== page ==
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Putin, Clausewitz, and Ukraine
Russia has applied limited war as a means by which to achieve its political goals since the early 1990s. Conflicts in Moldova, Georgia, and Azerbaijan displayed Russia’s willingness to use the defense of ethnic Russians and Russian speakers as a justification to undermine the territorial integrity of neighboring states in order to maintain its influence over the former Soviet Bloc.[i] However, Russia escalated its formula of limited war through indigenous ethnic forces when it annexed the Crimean Peninsula. The separatist struggle that ensued in Eastern Ukraine marked a return to Russia’s traditional model, but with increased visibility from the West, and economic sanctions that Russia did not see with its previous endeavors. Going back to Clausewitz, Russian President Vladimir Putin is attempting to balance the trinity of passion, military means, and political aims in executing a plan that relies on friction and mass to succeed on the ground. However, the real question might not be whether Putin’s strategy is Clausewitzian, but whether he is choosing the correct means by which to accomplish the goal of increasing Russian influence along its borders.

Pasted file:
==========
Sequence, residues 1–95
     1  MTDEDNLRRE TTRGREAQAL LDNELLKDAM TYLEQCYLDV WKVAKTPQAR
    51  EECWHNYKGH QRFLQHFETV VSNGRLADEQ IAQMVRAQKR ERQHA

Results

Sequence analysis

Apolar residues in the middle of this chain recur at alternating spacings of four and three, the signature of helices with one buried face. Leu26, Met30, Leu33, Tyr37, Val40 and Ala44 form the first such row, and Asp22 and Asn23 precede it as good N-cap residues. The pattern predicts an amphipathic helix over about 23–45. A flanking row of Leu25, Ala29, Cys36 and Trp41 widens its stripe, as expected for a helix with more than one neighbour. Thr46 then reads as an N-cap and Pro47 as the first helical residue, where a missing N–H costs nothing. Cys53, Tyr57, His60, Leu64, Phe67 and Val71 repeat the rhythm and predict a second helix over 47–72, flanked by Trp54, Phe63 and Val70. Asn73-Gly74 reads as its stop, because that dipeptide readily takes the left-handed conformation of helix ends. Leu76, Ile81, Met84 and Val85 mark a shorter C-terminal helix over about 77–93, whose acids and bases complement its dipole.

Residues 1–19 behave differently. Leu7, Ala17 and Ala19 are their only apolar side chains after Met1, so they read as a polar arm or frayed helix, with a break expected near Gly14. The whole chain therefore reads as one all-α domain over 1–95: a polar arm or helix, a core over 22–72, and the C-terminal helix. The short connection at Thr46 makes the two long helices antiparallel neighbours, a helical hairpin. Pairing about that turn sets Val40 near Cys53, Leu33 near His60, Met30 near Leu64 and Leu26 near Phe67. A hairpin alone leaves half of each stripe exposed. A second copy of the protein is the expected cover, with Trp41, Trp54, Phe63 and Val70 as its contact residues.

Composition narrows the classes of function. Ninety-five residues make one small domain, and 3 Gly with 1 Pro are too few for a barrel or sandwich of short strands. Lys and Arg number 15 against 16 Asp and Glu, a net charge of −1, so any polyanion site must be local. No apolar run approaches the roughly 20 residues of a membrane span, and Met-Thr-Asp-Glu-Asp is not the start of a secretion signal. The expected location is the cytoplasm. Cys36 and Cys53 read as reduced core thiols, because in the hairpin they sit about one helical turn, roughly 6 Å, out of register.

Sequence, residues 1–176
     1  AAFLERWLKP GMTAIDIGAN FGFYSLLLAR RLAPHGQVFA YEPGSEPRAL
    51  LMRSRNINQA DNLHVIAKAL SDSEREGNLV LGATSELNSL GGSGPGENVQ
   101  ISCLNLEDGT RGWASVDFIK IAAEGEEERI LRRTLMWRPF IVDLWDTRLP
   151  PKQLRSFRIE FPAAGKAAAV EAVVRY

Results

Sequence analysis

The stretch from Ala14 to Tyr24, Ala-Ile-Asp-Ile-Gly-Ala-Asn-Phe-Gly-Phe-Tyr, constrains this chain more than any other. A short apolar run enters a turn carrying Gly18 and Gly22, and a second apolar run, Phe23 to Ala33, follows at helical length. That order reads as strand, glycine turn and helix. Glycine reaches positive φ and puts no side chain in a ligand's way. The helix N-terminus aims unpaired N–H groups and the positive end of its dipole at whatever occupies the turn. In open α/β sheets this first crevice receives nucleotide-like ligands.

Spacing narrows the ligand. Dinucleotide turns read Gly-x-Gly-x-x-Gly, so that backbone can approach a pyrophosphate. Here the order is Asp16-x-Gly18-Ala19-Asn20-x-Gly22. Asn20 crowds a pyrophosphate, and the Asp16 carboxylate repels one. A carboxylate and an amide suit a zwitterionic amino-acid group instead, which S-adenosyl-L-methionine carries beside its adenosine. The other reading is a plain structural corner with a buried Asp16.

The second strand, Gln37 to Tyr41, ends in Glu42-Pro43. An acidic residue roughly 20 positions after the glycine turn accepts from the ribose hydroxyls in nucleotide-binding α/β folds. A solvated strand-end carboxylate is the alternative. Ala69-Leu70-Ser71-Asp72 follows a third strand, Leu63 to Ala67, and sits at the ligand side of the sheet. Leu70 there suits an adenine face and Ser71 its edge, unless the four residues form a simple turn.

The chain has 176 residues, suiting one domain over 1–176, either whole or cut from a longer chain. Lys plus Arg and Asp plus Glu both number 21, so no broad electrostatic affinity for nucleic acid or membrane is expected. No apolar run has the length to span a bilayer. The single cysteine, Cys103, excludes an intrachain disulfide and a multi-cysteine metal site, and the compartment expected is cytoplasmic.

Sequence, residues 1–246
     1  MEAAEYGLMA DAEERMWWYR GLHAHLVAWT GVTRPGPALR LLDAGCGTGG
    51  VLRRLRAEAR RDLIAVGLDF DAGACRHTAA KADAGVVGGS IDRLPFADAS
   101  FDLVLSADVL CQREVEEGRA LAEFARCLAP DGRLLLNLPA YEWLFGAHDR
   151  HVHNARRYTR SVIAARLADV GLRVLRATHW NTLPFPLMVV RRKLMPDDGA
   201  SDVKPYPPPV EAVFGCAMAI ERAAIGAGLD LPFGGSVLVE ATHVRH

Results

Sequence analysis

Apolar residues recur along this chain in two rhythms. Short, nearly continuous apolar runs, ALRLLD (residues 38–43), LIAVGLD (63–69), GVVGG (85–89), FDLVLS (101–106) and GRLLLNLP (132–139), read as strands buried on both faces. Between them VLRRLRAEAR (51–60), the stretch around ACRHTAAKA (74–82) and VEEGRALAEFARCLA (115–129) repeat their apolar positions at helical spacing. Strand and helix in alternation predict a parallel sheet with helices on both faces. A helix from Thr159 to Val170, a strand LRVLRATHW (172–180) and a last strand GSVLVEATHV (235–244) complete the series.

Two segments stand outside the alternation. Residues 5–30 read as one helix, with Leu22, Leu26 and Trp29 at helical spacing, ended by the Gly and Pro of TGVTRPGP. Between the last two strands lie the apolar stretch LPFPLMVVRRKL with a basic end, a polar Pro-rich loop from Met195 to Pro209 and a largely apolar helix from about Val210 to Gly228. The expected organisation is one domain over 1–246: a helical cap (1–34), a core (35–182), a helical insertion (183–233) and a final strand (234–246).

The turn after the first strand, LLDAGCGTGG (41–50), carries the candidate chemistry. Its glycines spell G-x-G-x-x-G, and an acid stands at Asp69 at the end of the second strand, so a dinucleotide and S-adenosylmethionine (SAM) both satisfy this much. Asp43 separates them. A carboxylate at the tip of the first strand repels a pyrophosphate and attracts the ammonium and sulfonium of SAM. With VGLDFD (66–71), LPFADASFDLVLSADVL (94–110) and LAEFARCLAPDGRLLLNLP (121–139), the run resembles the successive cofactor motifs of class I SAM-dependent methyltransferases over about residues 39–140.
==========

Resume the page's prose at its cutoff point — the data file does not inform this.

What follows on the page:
Clausewitz would laud Putin’s ability to use war as a way of achieving political ends. Russia only chose to initiate hostilities after other forms of political power had failed to maintain its influence over Ukraine such as gas subsidies and support to the regime of Viktor Yanukovych, especially towards joining Russia’s burgeoning Eurasian custom house.[ii] However, the removal of Yanukovych and the immediate shift of the new Ukrainian government towards Europe caused Russia to respond with military force through the annexation of Crimea and subsequent support to separatists in Eastern Ukraine. Russia views these actions as its best chance to maintain its influence over a state that it cannot “lose” to Europe. Russia will continue to view Ukraine as absolutely essential to its national security framework as Russia considers the expansion of NATO and the potential deployment of land- and sea-based missile defense systems near its border as encirclement by the West.[iii]